All over the country shelters struggle to provide homes and resources for millions of stray or unwanted dogs and cats. How can laws and data on the pet population in town make a difference in animal shelters?
According to the ASPCA approximately 6.5 millions cats and dogs enter a shelter in the United States every year. Many of the animals remain in the shelter while 710,000 are reunited with owners, 1.5 million are euthanized and 3.2 million are adopted.
Simply put, shelters are busy places that struggle to keep up with the animal population in the town or region they serve. While municipalities don’t always operate shelters themselves their laws and practices have a big impact on the ones serving their area.
Share valuable pet data
One of the biggest reasons municipalities have dog licensing laws is to keep track of the animals living in their community. This data can be crucial to local animal shelters because it gives them an idea of the pets living nearby, their density and breeds. If your community has many more large dogs shelters would want to know that so they can allocate supplies for larger animals.
The estimated 3,500 brick and mortar shelters in the United States (Humane Society) rely on knowing as much as they can about the pet population in their vicinity. Right now dog licensing programs only include 30 to 40 percent of dogs living in any given community which makes that information incomplete.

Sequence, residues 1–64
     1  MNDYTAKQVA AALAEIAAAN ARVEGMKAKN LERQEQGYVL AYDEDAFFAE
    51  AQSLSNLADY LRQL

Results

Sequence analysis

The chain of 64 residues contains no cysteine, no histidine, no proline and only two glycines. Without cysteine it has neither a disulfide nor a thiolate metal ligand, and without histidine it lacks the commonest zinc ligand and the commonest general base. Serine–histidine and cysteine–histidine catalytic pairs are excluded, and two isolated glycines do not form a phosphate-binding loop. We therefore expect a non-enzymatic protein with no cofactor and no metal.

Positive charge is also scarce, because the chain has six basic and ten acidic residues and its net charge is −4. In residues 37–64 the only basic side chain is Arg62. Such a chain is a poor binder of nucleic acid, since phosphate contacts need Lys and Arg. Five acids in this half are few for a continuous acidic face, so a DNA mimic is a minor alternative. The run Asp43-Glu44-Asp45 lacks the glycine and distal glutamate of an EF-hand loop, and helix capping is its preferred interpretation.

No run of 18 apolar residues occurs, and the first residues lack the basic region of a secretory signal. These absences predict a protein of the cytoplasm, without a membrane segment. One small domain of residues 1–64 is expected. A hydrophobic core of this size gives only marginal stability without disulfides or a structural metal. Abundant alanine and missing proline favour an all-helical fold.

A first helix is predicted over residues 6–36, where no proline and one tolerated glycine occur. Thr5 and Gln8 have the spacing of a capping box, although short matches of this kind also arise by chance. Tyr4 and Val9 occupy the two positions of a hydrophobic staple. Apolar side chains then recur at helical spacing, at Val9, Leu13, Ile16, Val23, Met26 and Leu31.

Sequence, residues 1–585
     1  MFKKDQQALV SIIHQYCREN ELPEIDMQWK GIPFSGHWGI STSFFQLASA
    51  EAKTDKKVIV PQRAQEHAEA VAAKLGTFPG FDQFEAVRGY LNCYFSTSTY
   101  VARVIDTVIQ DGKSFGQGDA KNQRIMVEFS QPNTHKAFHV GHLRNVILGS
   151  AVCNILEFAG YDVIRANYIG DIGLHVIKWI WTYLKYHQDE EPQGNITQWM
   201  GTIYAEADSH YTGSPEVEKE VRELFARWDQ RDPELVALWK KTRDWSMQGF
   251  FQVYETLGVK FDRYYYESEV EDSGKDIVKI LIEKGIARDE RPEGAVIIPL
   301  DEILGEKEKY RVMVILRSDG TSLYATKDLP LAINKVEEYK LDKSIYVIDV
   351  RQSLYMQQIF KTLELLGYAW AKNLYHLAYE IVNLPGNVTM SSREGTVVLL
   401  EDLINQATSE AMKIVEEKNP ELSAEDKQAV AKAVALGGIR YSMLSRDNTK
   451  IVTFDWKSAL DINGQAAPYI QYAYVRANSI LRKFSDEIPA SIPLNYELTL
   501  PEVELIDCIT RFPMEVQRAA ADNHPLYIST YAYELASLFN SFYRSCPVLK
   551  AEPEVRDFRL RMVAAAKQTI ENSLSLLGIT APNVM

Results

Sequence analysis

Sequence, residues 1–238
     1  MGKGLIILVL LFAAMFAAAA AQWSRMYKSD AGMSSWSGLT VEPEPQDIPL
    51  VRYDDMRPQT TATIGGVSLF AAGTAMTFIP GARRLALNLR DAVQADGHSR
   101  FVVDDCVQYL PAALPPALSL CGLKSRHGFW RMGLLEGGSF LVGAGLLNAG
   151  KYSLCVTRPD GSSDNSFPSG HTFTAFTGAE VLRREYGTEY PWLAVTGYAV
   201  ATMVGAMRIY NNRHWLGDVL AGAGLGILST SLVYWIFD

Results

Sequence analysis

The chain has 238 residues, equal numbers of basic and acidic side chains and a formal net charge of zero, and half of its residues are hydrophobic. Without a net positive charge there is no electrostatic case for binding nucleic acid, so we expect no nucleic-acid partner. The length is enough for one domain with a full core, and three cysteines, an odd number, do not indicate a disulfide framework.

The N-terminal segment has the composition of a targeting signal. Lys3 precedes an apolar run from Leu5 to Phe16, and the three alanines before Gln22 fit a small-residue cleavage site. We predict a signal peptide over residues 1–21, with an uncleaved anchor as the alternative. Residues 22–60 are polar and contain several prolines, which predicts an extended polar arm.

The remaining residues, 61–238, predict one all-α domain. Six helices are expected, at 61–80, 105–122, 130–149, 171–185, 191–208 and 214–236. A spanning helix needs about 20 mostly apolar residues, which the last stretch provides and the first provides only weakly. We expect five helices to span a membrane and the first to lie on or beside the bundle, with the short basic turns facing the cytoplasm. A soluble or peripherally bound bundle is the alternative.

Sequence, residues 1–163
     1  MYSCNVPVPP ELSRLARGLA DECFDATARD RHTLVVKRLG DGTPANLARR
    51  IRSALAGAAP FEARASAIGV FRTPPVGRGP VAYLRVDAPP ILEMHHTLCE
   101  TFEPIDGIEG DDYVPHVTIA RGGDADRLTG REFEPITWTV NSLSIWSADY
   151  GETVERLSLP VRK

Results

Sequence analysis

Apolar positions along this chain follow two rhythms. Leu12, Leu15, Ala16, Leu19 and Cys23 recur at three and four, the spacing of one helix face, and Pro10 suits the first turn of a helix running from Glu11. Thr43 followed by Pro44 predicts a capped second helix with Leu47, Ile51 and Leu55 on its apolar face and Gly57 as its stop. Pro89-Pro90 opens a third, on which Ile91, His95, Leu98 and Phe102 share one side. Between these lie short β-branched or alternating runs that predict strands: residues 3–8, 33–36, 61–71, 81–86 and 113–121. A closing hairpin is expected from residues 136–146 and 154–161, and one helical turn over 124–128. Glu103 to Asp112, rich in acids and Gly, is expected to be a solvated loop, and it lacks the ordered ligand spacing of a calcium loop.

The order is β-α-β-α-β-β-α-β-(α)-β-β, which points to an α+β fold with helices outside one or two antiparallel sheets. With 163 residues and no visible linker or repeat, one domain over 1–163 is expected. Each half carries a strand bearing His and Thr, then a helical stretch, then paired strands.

Open lines of communication
A big hindrance to animal shelter operation is lack of communication between town departments and the shelter. Whether the shelter is run by the municipality itself or an animal welfare organization it needs to be in close contact with government officials.
Antiquated technology and distance can make communication sparse and sharing information nearly impossible. When cities and towns put their data into a cloud-based management platform many other can easily and securely access it without a lot of back and forth.
Enforce leash and licensing laws
Keeping animals out of shelters is all about minimizing the time they are off-leash and being able to identify them if they get loose.
A leash law is an effective way to keep animals from roaming free, encouraging residents with the threat of a fine.
An equally effective but less enforced measure is dog licensing. Most residents are aware that they need to license their dog but are only at risk of a fee if their dog gets out and is picked up by Animal Control. For most this seems like an okay risk to take.
But dogs getting out and picked up is one of the problems licensing laws aim to correct. If all dogs in town are appropriately licensed it would only take minutes to find the dog’s owner and put in a call to reunite them. If most dogs are unlicensed, as is the case in most towns, then dogs are put in shelters and reunification becomes less and less likely.
Successful animal shelter operations rely on close cooperation with the governments of their neighboring communities. A successful partnership can reduce the number of animals left in shelters and euthanized as well as more effectively use their funding.